Water a key focus for brewers

The two public-listed beer-makers in Malaysia too have set out ambitious ESG goals for themselves. Analysts note that foreign funds do not have as many concerns about investing in brewery stocks, although in Malaysia, certain funds may avoid them for shariah-compliance reasons.

Heineken Malaysia Bhd says its sustainability targets are guided by Heineken’s global “Brew a Better World” commitment that runs across three pillars — environmental and social sustainability, as well as responsible consumption.

Analysts note that brewers’ biggest environment impact is on water.

On that front, its corporate affairs and legal director Renuka Indrarajah says Heineken has balanced more than 100% of the water used in its products in 2020, 10 years ahead of its 2030 commitment. This was done through water stewardship initiatives such as river rehabilitation, wetland protection, reforestation, and rainwater harvesting for communities.  

“At our Sungei Way brewery, we have reduced water consumption by 15.5% since 2014. Our 2030 target is to reduce this by another 29% to 2.6 hectoliters per hectoliter of beer produced,” she tells The Edge.

Heineken Malaysia also aims to cut carbon emissions, targeting to become net zero in production by 2030, and across the value chain by 2040. “As of 2020, we have reduced emissions by 15% since 2014 and developed a road map with clear targets in improving energy efficiency and adopting renewables,” Indrarajah says.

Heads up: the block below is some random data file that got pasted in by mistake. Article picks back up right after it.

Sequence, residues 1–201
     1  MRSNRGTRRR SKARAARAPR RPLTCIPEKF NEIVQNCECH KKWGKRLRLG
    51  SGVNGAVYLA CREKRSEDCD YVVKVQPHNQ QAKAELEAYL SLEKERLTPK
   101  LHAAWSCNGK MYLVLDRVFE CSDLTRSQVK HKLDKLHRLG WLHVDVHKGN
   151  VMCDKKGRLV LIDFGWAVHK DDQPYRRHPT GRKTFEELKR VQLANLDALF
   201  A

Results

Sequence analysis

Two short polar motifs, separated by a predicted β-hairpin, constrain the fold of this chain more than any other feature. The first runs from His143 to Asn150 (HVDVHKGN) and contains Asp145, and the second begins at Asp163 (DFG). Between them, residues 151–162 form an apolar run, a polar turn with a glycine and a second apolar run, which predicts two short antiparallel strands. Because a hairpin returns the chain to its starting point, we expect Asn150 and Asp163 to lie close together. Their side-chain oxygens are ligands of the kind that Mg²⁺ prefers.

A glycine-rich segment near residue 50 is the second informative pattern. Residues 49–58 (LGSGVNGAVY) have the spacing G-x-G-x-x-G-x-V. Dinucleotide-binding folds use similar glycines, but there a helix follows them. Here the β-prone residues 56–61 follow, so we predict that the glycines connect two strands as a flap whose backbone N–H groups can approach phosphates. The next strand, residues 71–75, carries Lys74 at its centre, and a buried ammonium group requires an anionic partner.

Heineken Malaysia has women making up 43% of its board of directors and has a 50:50 male-to-female ratio in middle to senior management positions. Notably, the company ranks No 2 out of 312 Bursa Malaysia-listed companies in the Board Diversity Index 2021.

“While we cannot comment on how our efforts affect our financial performance, we hope to continue making meaningful and transparent contribution in areas relating to the environment, social impact and responsible consumption,” Indrarajah says.

Meanwhile, Carlsberg Brewery (M) Bhd’s sustainability efforts are in line with the group’s global “Together Towards Zero” (TTZ) strategy launched in 2015 to address climate change, water scarcity and public health issues, among others.

“As we near the transition of our SAIL’22 five-year transformation plan towards our next long-term strategy, we intend to expand our ESG focus beyond our current TTZ ambitions by identifying further risks and opportunities for sustainability,” its corporate affairs director Pearl Lai tells The Edge.

One of the key things for Carlsberg Malaysia under TTZ is to reduce its carbon footprint. “Our global targets, approved by the Science Based Targets initiative in 2017, are in line with the latest climate science to limit global warming to 1.5C and include milestones to switch to renewable electricity, eliminate use of coal and halve carbon emissions across our breweries by 2022 as we drive progress towards zero-carbon brewing by 2030,” Lai say.

A key measure is the reduction of greenhouse gas emissions from each stage in the lifecycle of its products, from agriculture and brewing right down to distribution and cooling — what it calls its “beer-in-hand” footprint — by as much as 30% by 2030 from 2015 levels. Compared to its baseline in 2015, Carlsberg Malaysia has reduced its beer-in-hand footprint by 8.4% as of 2019, Lai says.

Notably, Carlsberg Malaysia’s focus on its people’s well-being has led to records in zero lost-time accidents for 980 days and counting as of Sept 15, zero drink-driving incidents, and zero infection clusters at its brewery since the Covid-19 pandemic began in March 2020.

Both Carlsberg Malaysia and Heineken Malaysia are constituents of the FTSE4Good BMI.